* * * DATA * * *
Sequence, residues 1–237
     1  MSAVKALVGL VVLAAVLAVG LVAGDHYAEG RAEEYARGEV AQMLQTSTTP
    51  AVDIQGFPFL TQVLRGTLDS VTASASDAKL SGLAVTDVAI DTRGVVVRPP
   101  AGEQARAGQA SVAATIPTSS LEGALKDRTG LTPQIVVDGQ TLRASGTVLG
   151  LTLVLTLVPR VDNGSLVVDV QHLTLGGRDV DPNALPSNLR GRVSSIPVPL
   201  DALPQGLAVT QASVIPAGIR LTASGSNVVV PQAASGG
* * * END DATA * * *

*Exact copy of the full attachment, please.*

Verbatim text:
Sequence, residues 1–237
     1  MSAVKALVGL VVLAAVLAVG LVAGDHYAEG RAEEYARGEV AQMLQTSTTP
    51  AVDIQGFPFL TQVLRGTLDS VTASASDAKL SGLAVTDVAI DTRGVVVRPP
   101  AGEQARAGQA SVAATIPTSS LEGALKDRTG LTPQIVVDGQ TLRASGTVLG
   151  LTLVLTLVPR VDNGSLVVDV QHLTLGGRDV DPNALPSNLR GRVSSIPVPL
   201  DALPQGLAVT QASVIPAGIR LTASGSNVVV PQAASGG